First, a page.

In such cases, you may find your best option is to build. Of course, building your own solution requires time and talent. You're not going to replicate all the features of Firebase in a short timeframe, or benefit from the fact that Google has probably already solved many of the problems you will run into along the way. But if their service doesn't work in the markets you want to reach, you may not have much choice.
So, support and service availability are two considerations in the decision to borrow, buy, or build. Are there any other issues worth considering?
Adding a library dependency means you are also adding all of that library's dependencies as well - including its dependencies on Xcode and Swift. Apple may be resolving some of these issues as we move closer to ABI stability and receive compilers that are compatible with old language syntax, but there's still some chance that your dependencies will prevent you from upgrading to new versions of Xcode and the Swift compiler. You will need to synchronize your migration to a new toolchain with the migration of all your dependecies.
Of course, this isn't generally a problem if your dependencies are written in Objective C instead of Swift.
Have you ever checked to see how much a new library adds to the size of your app? If you're quick to add libraries, you're also going to be quickly increase the size of your app - perhaps much more than you expected. In particular, you will want to pay close attention to your dependecies' dependencies. If you are using a library to access the iOS keychain or perform JSON encoding and decoding, and another library relies on different libraries for the same functionality, you're pulling in a lot of unnecessary code.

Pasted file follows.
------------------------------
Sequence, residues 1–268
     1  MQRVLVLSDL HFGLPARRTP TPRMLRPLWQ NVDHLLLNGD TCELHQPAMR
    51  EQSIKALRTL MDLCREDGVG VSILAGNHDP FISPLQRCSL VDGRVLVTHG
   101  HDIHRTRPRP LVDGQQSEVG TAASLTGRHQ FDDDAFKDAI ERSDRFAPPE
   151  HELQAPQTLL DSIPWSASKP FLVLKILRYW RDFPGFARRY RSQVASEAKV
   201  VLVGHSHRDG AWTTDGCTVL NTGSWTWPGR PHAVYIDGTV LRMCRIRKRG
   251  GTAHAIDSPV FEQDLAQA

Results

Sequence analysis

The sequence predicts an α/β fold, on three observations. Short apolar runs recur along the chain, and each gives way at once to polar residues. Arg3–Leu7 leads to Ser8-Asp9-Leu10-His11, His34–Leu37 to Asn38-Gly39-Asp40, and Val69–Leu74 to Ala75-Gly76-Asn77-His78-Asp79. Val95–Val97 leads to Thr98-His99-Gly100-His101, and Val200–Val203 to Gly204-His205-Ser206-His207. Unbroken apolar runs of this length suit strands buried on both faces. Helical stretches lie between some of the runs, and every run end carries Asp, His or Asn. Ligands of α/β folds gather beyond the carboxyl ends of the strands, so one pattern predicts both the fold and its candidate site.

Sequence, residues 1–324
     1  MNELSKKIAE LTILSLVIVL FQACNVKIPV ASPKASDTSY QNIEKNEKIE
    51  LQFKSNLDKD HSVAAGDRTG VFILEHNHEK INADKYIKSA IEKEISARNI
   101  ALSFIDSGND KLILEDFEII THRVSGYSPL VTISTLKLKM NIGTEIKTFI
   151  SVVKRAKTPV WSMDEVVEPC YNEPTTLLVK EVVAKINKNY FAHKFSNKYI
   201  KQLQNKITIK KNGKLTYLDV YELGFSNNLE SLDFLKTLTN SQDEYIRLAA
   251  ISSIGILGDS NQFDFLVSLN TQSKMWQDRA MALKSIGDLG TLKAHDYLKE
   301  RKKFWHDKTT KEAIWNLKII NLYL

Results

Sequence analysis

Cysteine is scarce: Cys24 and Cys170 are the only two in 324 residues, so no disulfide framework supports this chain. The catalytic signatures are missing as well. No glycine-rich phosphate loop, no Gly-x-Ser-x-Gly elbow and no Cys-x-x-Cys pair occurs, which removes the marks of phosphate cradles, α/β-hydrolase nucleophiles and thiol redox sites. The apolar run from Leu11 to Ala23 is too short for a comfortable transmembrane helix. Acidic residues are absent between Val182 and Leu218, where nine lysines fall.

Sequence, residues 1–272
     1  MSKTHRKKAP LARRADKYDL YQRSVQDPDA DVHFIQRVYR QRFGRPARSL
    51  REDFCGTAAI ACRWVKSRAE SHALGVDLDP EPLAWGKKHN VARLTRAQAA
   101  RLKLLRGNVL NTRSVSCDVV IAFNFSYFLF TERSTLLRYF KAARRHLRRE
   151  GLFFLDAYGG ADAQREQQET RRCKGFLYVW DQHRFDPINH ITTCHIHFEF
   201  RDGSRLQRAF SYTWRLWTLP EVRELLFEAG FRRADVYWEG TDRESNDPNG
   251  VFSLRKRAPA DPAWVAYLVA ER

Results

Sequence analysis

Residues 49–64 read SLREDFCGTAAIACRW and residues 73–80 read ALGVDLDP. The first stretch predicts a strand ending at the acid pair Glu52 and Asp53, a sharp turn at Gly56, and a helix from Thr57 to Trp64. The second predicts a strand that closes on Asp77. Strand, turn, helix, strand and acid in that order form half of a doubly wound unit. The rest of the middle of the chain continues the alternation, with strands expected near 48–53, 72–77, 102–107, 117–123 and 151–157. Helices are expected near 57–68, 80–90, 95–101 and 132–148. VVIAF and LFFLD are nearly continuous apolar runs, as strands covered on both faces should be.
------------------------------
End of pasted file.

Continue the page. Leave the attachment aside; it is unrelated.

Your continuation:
Here's a quick investigation I performed to see how adding some common dependencies might impact your app size. The sizes are the .xcarchive file size, rather than actual install sizes, but the number should give some idea for how much some common libraries increase the size of an app (and someone should be paying attention to this every time you add or update a dependency).
|Single page Swift app, no additional code||208 MB||-|
|Add Firebase Core||215.8 MB||7.8 MB|
|Add Firebase Messaging, Database, Dynamic Links,|
Remote Config, Auth, and Performance
|247.3 MB||31.5 MB|
|Add Alamofire||255.1 MB||7.8 MB|
|Add SwiftyJSON||257.9 MB||2.8 MB|
|Add SnapKit||260.1 MB||2.2 MB|
|Add RxSwift||288.9 MB||28.8 MB|
Firebase and other libraries are careful to split their components into separate modules that you can choose to include or not, but not all libraries are so conscientious. You may sometimes find that you're consuming a lot of library bloat because of features you never even use.
If you're including Alamofire and SwiftyJSON in your project